Remember back when you were a kid. Weren’t there some subjects of learning that were massively fascinating to you? Dinosaurs, how things function, the solar system, the basics of science. (Honestly, who didn’t get excited with their first baking soda volcano? Some of us here still do…) These are topics that not only kept Bill Nye employed, but they resonated with us on an intrinsic level. These topics were simple to understand on the surface and easy to get in to, but the more we dove into them, the more we realized there was a whole world of information at our disposal. Pretty soon you were explaining the differences between an Ankylosaurus and a Triceratops, or how a steam engine worked, or how a thunderstorm forms to anyone who was listening, because look at how cool this is! Those topics often tend to still sit with us in some manner long afterwards, so that even as sophisticated, mature adults, we still get excited when we see a T-Rex skeleton at a museum.
Learning about mythology is another such example. The idea that there were cultures that worshiped many different gods and each pantheon was full of a vast array of unique deities was remarkable. Most of the time we learned about the Greek and Egyptian realms first, but that branched out as we got more invested. We learned of the Norse and Mesopotamian and Meso-American gods, the Hindu and Celtic gods, and if you really stuck with it, you went beyond that to the worlds of kami, djinn, and native spirits.
Then of course came the arguing with your friends over which group was better.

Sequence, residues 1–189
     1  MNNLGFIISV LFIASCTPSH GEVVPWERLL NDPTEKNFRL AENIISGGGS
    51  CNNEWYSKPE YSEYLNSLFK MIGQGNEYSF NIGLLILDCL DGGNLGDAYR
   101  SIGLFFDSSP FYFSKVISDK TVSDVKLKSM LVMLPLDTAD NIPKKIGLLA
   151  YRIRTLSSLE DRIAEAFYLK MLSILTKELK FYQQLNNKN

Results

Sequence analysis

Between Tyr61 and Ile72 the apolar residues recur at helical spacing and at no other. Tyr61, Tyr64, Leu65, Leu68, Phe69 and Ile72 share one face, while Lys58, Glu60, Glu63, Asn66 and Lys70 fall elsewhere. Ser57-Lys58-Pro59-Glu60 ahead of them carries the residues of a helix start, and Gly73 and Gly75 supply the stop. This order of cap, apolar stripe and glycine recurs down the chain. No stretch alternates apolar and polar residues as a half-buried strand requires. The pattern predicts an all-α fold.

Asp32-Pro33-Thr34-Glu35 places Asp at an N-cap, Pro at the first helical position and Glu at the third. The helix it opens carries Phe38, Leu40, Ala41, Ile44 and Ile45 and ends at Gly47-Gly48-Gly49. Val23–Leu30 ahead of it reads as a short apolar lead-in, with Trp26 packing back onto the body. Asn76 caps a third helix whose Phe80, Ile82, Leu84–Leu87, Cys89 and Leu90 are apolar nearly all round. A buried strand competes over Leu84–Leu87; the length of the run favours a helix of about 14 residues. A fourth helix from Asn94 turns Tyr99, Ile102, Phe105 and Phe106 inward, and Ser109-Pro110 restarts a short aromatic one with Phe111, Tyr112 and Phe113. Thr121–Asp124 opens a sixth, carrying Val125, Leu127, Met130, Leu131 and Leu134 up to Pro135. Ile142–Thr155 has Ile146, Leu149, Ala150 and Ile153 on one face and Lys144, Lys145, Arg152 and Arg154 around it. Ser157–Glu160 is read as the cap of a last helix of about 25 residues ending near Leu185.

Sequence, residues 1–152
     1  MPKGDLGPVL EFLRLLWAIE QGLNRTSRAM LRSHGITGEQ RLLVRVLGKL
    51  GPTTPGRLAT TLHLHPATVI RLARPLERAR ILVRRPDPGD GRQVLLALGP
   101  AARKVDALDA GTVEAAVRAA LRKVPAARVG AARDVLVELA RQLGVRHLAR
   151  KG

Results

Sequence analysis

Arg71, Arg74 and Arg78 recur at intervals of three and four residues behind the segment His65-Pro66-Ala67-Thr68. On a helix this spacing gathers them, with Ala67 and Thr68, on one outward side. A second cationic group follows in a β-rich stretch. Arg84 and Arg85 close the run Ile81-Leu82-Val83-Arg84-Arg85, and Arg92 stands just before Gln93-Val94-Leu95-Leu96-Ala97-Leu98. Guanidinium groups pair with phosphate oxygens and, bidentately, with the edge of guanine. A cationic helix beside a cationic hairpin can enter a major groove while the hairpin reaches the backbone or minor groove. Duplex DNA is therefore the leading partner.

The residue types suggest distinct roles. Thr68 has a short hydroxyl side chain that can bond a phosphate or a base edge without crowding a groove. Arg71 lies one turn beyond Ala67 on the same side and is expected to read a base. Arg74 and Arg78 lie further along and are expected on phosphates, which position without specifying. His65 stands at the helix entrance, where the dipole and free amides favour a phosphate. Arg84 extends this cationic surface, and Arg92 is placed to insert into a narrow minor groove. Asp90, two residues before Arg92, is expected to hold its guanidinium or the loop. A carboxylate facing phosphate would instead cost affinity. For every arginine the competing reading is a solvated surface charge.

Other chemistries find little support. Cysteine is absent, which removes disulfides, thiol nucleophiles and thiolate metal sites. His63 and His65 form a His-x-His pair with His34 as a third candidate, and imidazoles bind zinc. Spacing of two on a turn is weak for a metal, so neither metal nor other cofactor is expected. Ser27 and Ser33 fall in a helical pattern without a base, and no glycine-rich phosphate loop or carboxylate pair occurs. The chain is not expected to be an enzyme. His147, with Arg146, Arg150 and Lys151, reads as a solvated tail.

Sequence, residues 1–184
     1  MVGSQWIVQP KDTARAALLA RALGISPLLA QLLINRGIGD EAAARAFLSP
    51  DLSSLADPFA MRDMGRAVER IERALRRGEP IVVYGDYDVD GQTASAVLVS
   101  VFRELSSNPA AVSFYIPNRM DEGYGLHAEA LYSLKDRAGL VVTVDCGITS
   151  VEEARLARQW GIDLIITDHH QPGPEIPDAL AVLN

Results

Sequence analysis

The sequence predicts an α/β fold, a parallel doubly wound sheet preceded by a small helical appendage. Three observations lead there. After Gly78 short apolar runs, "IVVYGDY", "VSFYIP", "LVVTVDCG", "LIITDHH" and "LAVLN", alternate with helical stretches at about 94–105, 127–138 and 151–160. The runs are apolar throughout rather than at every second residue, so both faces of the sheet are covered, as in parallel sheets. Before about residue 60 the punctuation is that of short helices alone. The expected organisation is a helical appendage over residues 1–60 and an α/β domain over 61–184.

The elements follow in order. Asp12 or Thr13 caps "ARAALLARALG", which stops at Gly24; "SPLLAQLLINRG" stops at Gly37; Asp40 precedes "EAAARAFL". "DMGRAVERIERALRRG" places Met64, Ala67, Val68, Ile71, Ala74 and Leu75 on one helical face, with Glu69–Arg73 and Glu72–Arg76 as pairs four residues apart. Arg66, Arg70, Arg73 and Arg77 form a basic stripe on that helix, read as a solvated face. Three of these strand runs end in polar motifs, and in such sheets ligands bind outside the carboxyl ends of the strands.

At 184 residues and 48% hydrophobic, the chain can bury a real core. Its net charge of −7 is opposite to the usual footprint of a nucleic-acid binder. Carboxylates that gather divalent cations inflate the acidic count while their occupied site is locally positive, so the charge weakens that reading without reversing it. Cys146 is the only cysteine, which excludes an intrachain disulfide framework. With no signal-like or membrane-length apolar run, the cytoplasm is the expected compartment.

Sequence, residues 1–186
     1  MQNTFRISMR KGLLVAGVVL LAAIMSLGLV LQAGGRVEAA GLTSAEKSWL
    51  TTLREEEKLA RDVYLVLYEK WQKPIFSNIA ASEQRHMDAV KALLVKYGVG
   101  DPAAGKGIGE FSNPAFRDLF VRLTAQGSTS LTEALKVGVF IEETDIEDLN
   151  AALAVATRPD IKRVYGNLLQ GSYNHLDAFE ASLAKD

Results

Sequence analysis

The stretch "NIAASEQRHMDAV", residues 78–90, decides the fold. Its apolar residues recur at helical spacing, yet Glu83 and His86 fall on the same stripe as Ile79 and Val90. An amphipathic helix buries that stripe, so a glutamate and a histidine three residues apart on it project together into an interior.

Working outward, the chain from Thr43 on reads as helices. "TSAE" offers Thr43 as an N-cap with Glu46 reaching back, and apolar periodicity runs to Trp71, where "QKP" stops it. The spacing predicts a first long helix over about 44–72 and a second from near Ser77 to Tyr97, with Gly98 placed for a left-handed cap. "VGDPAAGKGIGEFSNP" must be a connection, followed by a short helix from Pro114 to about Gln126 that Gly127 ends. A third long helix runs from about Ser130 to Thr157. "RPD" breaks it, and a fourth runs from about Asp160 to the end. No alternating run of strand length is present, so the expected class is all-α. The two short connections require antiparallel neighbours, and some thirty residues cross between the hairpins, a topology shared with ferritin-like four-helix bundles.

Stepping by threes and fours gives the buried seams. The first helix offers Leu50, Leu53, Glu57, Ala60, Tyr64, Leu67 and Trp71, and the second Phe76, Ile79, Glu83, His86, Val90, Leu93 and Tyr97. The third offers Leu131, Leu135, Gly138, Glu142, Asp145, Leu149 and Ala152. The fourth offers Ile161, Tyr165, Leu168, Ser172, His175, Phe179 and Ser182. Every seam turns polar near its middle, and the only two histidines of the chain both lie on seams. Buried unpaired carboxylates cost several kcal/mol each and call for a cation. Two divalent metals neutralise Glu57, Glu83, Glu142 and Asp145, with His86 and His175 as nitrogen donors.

“Ares was a jerk!”
“Well so was Thor!”
“Ok, but neither compared to …”
If only there had been a way to find out for sure back then. Luckily, now there is. With High Heavens.
In this two-player game, each side commands a pantheon of 12 gods. One side plays the Norse, the other the Greeks, and you compete on a gridded field of battle. Your goals are to either destroy the deities’ home, or just eliminate all 12 enemy gods. Each player is allowed three actions each turn to move, attack, summon new gods, or use special abilities of cards or those of some gods you have in play. The red chip stacks under them are their current health. If those chips are gone, so are they. Players also have a finite deck of 24 cards: half of them are the various gods you can summon; the other half are special cards unique to your side. It looks something like this:
High Heavens is one part chess, one part strategy card game like Magic, and it plays very much like that. Once players get a feel for how the game functions, it can be a quick slaughter, or a knock-down, drag-out game of move and counter-move. Do you send your ranged specialist out, or wait a turn and instead strike with a heavy melee unit? Do I go after the base, or their healer? And what are these walls doing in my way?!? These are the types of decisions you’ll have to consider when you take up your side.
Of course, which gods will be available to you is literally luck of the draw. You don’t have a limit to the number you can have out, but if they die, they’re usually out for good. This builds a tension much like other battlefield strategy games, but instead of a 2-star General in Stratego or a Rook in chess, you’re commanding Hercules.
Classical gods got bored easily, but you shouldn’t have that problem with this game, as it doesn’t last more than 30-60 minutes, with 60 being more for new players or stalemate scenarios. Only one side can win, and it’s done with a lot of flavor. Each deity very much feels like an adequate representation of their character, and they are all slightly different. High Heavens debuted at PAX East, and several of us had a chance to try it out there. In fact, you can even see one of our crew playing it in the Kickstarter’s Update One photos! Needless to say, we found the game engaging on a player level, and very well done from a thematic perspective. Currently the base game will be just the Norse and Greek pantheons, but if the game is successful, the creator fully intends to create additional pantheons to do battle with. If that interests you, or if you’re merely looking for an opponent to cast into Tartarus, check out their campaign!